New information and remaining uncertainties: Precipitation is much less readily measured or modeled than air temperature.6f71c947-69a3-4b13-af70-f061f2e6671f Thus both historical tendencies and projections for precipitation are inherently less certain than for temperature. Most regional climate models still have a positive bias in precipitation frequency but a negative bias in terms of precipitation amount in extreme events. Flood records are very heterogeneous and there is some ambiguity about the degree to which flooding is a result of atmospheric conditions.e15600d0-290f-44e2-9b58-9ffd295ee6d2 Flooding is not solely the result of incident precipitation but is also a complex function of the preceding conditions such as soil moisture content and extent of landscape infiltration. A key issue (uncertainty) is the future distribution of snowfall. Records indicate that snowfall is decreasing in the southern parts of the region, along with increasing lake effect snow. Climate models predict these trends will increase. There is insufficient knowledge about how this change in snowfall patterns will affect flooding and associated problems, but it is projected to affect the very large spring floods that typically cause the worst flooding in the region. In addition, recent data and climate predictions indicate drier summer conditions, which could tend to offset the effects of higher intensity summer storms by providing increased water storage in the soils. The relative effects of these offsetting trends need to be assessed. To determine future flooding risks, hydrologic modeling is needed that includes the effects of the increase in extreme events, changing snow patterns, and shifts in rainfall patterns. Adaptation measures to reduce soil erosion and combined sewer overflow (CSO) events are available and could be widely adopted. The impacts of increased magnitude of heavy precipitation events on water quality, agriculture, human health, transportation, and infrastructure will be strongly determined by the degree to which the resilience of such systems is enhanced (for example, some cities are already implementing enhanced water removal systems).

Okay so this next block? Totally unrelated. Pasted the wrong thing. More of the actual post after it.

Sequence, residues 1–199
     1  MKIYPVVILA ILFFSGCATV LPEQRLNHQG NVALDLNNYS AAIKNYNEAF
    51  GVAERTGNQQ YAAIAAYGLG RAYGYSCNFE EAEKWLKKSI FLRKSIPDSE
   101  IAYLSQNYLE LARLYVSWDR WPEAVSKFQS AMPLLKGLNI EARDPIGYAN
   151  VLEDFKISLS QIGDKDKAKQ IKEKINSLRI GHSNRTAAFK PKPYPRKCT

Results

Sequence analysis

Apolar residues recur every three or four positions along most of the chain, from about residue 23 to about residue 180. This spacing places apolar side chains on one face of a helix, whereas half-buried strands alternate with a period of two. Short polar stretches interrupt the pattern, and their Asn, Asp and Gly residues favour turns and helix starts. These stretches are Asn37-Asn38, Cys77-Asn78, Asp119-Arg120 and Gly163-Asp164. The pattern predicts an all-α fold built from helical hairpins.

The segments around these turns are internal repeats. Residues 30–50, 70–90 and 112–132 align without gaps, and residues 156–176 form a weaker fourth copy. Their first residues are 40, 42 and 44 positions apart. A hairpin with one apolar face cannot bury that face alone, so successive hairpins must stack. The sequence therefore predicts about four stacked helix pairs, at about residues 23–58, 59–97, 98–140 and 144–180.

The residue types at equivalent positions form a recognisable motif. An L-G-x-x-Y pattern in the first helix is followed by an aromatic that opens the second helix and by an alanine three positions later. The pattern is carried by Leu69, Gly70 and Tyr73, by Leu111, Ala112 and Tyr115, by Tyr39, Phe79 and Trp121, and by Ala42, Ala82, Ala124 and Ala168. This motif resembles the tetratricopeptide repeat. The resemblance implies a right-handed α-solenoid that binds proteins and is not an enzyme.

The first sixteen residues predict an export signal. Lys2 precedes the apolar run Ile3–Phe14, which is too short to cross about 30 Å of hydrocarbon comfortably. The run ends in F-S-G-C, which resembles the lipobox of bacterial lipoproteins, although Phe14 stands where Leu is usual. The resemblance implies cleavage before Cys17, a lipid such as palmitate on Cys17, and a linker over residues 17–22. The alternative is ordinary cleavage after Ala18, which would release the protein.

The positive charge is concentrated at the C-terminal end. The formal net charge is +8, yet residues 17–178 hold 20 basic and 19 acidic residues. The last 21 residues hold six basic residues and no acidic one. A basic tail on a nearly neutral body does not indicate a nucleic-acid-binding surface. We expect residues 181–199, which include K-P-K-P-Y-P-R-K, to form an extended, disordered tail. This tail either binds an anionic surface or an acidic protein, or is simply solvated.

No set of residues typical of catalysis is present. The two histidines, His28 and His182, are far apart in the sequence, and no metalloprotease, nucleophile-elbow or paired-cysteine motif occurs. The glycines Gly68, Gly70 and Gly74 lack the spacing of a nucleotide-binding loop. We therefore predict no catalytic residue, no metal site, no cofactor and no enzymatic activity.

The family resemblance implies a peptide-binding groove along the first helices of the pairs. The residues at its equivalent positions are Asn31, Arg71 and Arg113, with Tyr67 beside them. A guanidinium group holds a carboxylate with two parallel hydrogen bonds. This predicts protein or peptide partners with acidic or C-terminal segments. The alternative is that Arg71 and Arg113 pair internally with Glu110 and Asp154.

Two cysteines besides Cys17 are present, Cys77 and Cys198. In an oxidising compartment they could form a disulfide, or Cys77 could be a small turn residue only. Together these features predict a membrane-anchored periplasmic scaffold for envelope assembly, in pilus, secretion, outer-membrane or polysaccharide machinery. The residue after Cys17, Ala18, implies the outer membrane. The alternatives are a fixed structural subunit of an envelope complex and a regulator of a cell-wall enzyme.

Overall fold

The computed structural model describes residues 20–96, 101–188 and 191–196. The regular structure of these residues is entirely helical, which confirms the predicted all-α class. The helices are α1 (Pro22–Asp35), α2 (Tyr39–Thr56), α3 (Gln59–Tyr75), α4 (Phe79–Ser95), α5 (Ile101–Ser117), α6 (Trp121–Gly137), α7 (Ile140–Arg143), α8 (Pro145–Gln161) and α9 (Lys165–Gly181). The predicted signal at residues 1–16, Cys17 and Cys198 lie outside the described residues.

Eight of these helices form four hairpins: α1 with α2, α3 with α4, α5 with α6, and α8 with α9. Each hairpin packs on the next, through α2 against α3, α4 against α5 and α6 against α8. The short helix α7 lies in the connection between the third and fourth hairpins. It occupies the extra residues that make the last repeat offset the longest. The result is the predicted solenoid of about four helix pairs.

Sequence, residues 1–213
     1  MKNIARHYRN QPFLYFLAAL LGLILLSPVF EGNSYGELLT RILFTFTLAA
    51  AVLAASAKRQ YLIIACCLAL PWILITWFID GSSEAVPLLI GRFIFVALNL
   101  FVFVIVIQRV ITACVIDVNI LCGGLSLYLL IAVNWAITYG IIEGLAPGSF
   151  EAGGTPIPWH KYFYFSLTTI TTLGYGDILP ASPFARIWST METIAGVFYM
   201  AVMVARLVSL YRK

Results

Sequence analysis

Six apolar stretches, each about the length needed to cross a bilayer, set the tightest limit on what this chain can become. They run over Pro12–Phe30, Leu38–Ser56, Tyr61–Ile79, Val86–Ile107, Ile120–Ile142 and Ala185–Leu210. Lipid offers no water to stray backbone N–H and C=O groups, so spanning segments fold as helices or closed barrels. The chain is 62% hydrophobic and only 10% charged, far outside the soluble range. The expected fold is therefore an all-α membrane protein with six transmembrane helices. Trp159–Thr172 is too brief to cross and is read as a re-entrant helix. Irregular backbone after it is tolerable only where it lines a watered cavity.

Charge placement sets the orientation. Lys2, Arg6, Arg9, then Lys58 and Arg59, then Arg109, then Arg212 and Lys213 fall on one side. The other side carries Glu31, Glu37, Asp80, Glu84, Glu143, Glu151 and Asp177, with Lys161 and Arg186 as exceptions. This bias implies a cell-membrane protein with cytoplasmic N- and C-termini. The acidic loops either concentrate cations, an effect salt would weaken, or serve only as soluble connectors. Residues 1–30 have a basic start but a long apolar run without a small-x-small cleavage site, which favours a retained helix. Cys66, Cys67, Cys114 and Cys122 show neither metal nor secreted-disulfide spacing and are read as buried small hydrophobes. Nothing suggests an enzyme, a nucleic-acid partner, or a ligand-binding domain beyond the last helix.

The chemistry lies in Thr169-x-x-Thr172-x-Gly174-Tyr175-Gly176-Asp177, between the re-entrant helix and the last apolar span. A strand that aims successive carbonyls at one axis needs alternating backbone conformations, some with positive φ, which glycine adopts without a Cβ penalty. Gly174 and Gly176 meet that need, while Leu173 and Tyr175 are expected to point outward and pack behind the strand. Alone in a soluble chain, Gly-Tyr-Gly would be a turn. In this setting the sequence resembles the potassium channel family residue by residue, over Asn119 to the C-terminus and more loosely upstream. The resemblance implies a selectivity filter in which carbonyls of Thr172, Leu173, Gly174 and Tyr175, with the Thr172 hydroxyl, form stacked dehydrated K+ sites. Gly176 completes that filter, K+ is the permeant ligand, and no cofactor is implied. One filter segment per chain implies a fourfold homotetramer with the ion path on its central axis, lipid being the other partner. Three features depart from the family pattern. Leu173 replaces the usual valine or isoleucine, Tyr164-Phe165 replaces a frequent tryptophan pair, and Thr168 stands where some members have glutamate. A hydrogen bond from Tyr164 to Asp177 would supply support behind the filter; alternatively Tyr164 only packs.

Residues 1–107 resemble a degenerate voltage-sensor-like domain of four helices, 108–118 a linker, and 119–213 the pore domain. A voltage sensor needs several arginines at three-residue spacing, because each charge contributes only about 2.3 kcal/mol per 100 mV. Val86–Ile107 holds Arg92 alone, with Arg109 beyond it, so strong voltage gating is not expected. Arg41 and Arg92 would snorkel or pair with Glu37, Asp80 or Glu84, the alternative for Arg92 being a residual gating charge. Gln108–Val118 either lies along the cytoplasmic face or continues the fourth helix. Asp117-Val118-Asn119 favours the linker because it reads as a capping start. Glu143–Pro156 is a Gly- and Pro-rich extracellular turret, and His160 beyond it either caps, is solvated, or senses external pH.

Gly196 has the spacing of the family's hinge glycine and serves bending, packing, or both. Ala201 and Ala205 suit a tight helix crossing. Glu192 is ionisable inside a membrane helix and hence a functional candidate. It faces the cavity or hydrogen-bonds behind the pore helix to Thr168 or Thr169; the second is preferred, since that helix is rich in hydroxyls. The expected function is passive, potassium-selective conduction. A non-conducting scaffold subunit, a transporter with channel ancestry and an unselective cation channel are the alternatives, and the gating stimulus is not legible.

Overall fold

Assessment of confidence based on evidence: There have been improvements in agreement between observed precipitation patterns and model simulations. Also an increase in extreme precipitation events is consistent with first-order reasoning and increased atmospheric water burdens due to increased air temperature. Recent data suggest an increase in flooding in the region but there is uncertainty about how changing snow patterns will affect flood events in the future. Thus there is high confidence in increases in high-magnitude rainfall events and extreme precipitation events, and that these trends are expected to continue. There is medium confidence that, in the absence of substantial adaptation actions, the enhancement in extreme precipitation and other tendencies in land use and land cover result in a projected increase in flooding. There is medium confidence that, in the absence of major adaptation actions, the enhancement in extreme precipitation will tend to increase the risk of erosion, declines in water quality, and negative impacts on transportation, agriculture, human health, and infrastructure.6f71c947-69a3-4b13-af70-f061f2e6671f
- High-resolution projections of climate-related risks for the Midwestern USA (6f71c947)
- Regional Climate Trends and Scenarios for the U.S. National Climate Assessment: Part 3. Climate of the Midwest U.S. NOAA Technical Report NESDIS 142-3 (95f2ea7d)
- Climate Change in the Midwest: Impacts, Risks, Vulnerability, and Adaptation (b228ac0d)
- Monitoring and Understanding Changes in Heat Waves, Cold Waves, Floods, and Droughts in the United States: State of Knowledge (e15600d0)